In SharePoint, the Document Set is a powerful Enterprise Content Management Feature hidden in SharePoint Server that most power users don’t know about or haven’t implemented yet. This feature which bundles Office documents into a single malleable unit has a myriad of applications which can improve your process efficiency.
Let’s take a look!
- SharePoint Server 2010 Standard and Enterprise (Fpweb.net hosted, On-premises)
- SharePoint Server 2013 Standard and Enterprise (Fpweb.net hosted, On-premises, or Office 365)
Document Sets may help in following scenarios:
- New employee on-boarding
- Employee training
- Project initiation and management
- Loan application and processing
- Claims processing
- MANY more possibilities
The Document Set Solution
Let’s start by analyzing a new-hire process. When a new employee is hired there will be a common set of documents that would need to be filled out, tracked, and filed. This collection of documents may include a W-4 form, insurance documents, equipment contracts, etc. Finding the latest versions of these documents, delivering them to the employee, and tracking the signed versions can introduce mistakes, lost documents, and a lot of time spent managing this process. If you are a large company these inefficiencies can add up and hurt productivity.
Enter the document set. Document sets can be thought of as a pre-defined electronic folder of documents and templates that are created when you initiate a process. Along with the ability to provision the pre-defined documents, document sets also have a unique customizable homepage, their own versioning functionality, and shared metadata columns. Once an instance of the set is created, you can modify (fill in) and version each individual document, upload additional files, or version the entire document set. If these documents must comply with a records management policy, you can associate a workflow to this document set to handle archiving or deletion as well.
You are probably thinking, “Wow we can use that here and here and this group would love this!” Now let’s look at how to create and use a document set.
Configuring a Document Set
Document Sets completely rely on SharePoint content types. You will need to be familiar with these and have them enabled on a document library. I will not go through content types in detail in this article, but here is a series titled SharePoint Content Types and Metadata which we created on the subject. Document Set functionality is available by enabling the site collection feature named “Document Sets”. This is enabled on team sites by default.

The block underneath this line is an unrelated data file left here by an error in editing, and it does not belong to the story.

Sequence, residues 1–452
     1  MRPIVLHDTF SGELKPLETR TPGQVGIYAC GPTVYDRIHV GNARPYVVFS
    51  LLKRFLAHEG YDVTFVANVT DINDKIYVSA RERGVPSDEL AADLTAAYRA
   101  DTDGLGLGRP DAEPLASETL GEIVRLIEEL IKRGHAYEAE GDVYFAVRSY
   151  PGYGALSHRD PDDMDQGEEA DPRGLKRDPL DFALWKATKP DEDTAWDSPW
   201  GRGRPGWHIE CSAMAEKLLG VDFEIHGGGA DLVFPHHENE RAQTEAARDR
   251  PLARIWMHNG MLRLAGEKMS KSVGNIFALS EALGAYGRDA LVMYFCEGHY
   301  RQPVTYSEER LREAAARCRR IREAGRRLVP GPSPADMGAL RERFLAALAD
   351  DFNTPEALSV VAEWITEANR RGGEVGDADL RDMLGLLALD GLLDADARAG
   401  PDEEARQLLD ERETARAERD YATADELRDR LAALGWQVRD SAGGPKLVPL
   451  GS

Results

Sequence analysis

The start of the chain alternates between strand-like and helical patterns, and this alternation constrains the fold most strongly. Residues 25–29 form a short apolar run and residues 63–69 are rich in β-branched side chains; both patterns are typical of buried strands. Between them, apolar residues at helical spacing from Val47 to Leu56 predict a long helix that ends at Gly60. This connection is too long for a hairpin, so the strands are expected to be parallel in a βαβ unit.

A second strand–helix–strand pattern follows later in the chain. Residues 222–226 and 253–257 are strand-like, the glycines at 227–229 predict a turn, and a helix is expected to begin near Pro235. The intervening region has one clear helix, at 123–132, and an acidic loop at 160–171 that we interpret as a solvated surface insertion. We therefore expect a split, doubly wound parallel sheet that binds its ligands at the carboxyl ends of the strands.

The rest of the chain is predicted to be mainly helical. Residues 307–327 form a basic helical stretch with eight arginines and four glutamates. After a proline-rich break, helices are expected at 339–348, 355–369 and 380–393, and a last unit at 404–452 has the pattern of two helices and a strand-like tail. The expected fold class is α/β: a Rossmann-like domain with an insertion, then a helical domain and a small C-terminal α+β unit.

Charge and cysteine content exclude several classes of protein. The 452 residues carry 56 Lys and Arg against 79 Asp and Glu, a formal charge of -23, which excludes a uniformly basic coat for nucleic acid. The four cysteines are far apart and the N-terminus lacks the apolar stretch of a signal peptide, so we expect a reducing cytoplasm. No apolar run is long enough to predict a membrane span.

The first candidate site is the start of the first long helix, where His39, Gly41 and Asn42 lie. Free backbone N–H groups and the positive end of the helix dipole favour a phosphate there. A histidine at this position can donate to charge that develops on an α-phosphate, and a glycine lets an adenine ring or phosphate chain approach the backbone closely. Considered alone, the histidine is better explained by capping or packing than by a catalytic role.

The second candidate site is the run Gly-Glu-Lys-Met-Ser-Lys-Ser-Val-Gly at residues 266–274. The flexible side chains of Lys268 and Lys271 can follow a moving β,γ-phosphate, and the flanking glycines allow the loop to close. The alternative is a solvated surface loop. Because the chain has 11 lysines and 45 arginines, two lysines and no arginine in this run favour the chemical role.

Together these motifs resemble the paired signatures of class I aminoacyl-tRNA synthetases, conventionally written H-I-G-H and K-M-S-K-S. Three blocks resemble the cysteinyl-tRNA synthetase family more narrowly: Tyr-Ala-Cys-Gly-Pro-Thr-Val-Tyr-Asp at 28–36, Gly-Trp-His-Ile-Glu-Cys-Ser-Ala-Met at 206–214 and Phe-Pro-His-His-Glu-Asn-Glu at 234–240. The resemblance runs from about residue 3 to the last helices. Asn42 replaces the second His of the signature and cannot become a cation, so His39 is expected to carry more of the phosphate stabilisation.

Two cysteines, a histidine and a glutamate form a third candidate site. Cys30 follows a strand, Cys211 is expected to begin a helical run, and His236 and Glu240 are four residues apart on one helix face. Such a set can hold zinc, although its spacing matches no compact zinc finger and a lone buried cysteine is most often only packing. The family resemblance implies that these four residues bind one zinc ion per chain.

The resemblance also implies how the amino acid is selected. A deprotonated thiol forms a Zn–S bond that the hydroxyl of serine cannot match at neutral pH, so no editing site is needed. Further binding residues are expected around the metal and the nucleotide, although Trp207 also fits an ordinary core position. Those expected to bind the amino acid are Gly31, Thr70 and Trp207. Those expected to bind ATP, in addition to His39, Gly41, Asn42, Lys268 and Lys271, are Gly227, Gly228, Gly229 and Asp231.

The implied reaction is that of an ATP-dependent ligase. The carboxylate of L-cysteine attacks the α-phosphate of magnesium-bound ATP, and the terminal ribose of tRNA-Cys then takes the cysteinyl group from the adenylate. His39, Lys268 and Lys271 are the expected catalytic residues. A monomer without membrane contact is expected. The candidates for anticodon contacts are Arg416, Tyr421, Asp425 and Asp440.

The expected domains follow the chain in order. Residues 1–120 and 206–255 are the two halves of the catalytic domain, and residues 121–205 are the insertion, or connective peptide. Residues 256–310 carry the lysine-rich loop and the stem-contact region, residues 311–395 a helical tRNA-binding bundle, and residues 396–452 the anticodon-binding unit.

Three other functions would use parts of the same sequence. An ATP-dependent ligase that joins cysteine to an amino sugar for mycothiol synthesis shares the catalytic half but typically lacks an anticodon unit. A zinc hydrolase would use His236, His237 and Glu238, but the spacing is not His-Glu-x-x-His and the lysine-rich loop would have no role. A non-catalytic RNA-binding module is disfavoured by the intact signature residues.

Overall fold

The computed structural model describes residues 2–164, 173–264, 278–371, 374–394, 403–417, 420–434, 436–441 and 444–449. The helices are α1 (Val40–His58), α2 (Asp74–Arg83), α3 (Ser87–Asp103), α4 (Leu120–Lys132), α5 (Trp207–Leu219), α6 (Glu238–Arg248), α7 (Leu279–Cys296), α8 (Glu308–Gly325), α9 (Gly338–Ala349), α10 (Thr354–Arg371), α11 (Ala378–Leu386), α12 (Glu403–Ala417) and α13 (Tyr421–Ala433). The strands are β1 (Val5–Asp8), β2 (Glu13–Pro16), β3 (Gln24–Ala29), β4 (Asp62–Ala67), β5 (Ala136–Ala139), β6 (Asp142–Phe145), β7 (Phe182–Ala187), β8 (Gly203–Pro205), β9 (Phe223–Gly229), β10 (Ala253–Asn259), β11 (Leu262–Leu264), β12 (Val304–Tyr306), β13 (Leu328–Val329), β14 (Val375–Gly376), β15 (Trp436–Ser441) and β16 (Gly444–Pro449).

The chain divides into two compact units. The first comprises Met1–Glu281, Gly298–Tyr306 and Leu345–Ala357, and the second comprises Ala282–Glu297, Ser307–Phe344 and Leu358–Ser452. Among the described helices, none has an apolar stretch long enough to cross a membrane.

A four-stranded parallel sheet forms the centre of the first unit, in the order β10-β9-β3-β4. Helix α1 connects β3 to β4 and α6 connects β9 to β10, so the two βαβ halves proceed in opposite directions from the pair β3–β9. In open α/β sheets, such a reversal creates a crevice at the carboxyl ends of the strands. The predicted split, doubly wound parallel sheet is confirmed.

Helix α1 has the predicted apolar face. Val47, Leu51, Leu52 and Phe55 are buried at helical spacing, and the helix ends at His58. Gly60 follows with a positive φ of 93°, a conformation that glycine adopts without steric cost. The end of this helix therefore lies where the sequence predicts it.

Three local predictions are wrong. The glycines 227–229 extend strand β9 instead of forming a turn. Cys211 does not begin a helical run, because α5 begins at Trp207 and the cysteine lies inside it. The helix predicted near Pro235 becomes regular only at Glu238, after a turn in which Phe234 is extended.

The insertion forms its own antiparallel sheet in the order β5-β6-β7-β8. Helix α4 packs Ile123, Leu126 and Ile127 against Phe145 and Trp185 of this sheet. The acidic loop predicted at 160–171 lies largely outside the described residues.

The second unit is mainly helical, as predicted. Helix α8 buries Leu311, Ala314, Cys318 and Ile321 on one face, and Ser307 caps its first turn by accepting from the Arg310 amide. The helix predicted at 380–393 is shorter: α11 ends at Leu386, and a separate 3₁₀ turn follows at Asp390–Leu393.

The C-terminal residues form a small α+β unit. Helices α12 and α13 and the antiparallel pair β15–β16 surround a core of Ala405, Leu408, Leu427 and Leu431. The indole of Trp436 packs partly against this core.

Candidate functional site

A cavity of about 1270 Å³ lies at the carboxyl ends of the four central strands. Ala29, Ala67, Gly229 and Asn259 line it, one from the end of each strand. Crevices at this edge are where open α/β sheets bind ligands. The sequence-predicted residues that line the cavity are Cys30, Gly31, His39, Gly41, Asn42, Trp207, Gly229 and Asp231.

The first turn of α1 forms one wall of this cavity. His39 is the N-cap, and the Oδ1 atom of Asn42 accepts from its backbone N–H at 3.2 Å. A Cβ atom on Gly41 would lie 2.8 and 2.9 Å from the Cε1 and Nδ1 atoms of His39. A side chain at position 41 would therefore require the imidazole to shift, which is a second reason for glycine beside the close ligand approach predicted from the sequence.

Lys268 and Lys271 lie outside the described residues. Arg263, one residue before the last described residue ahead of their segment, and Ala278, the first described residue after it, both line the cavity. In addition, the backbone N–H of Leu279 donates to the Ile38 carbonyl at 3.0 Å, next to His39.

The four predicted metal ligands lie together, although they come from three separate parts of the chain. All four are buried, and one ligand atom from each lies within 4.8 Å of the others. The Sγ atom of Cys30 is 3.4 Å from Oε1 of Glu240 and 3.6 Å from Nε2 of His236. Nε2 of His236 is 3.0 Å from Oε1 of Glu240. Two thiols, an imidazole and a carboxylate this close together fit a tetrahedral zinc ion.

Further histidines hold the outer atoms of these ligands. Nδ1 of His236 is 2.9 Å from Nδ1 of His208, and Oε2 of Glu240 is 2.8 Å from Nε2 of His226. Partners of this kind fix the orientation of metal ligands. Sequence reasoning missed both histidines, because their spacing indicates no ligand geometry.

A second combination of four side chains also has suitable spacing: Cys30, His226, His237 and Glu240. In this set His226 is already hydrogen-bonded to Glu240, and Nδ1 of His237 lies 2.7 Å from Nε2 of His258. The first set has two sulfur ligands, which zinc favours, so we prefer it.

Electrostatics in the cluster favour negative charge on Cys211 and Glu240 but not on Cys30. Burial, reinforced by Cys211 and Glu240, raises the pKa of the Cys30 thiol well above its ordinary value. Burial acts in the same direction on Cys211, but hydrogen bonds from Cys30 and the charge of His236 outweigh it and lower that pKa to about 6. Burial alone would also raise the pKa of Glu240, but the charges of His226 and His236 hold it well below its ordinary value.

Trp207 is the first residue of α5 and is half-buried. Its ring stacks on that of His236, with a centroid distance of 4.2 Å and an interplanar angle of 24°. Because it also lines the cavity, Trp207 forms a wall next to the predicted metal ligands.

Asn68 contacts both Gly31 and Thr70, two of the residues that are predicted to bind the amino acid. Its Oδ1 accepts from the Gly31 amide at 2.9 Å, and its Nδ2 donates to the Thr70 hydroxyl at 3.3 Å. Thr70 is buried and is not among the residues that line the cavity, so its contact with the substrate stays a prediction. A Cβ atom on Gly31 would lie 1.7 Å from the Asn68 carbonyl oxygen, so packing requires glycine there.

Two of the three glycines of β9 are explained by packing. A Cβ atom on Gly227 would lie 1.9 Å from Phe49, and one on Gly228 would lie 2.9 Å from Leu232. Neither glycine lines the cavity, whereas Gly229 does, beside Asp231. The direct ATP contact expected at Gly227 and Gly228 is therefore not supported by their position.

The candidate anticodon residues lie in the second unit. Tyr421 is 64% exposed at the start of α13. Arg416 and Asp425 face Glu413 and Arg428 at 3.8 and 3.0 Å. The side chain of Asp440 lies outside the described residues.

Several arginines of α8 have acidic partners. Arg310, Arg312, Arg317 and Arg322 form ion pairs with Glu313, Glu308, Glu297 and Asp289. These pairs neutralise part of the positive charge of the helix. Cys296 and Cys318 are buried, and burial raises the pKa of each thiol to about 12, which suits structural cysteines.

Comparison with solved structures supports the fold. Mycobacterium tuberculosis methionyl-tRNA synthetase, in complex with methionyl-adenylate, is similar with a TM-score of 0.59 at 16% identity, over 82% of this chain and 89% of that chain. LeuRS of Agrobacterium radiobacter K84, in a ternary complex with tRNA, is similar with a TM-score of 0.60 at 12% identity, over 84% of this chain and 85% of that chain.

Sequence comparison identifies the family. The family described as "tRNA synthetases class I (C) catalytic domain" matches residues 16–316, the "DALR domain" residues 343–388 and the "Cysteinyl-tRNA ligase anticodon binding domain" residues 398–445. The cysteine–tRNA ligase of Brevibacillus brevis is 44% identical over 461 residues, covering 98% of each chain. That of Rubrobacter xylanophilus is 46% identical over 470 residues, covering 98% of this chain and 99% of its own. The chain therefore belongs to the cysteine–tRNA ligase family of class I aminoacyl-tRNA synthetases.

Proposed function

Next we’ll create a custom document set content type called “New Employee Packet”. We’ll give it a name and description. Be sure that this content type inherits from the “Document Set” content type so that yours will inherit the document set functionality.
When the content type is created, you’ll notice a new hyperlink in its settings page named “Document Set Settings”.
Click on the “Document Set settings hyperlink to edit the settings of the New Employee Packet document set. On this page, you’ll be able to add content types, specify what documents and folders to include, and what shared columns the documents will utilize.
You’ll also notice that you can lightly customize the welcome page that is generated for your document set instances.
After you’ve configured the basic New Employee Packet document set settings, you’ll want to associate your content type to a document library so that you can create an instance of the document set. You do this in the document library settings page. You can optionally remove the default “document” content type here as well.
Now let’s go to the document library and create a New Employee Packet. Notice that when we select the drop down next to “New Document” in the files tab, we see our New Employee Packet document set icon.
Click the button to create the packet and give it a name. The packet is now created and you’ll find the welcome page along with all of the document templates!
Notice the new “Manage” tab in the ribbon and the options you have here. From this tab you can secure this document set, email a link, capture a major version of the whole document set (which is really cool), view the version history, and see workflows that are associated to the “New Employee Packet” content type.
The great thing about the ability to associate workflows to document sets is that you can create custom archival and retention workflows to automate many of the monotonous records management activities associated with the life of these documents.
If we navigate back to the document library, you’ll see the unique icon which visually differentiates document sets from document library folders.
That’s a Wrap
As you can see it’s not completely straight-forward on how to create a document set, but once you create one it’s a pretty straight-forward operation. I believe these are very powerful and have many applications across the enterprise. I hope you learned a bit about this SharePoint ECM feature and, as always, stay tuned for more SharePoint goodness.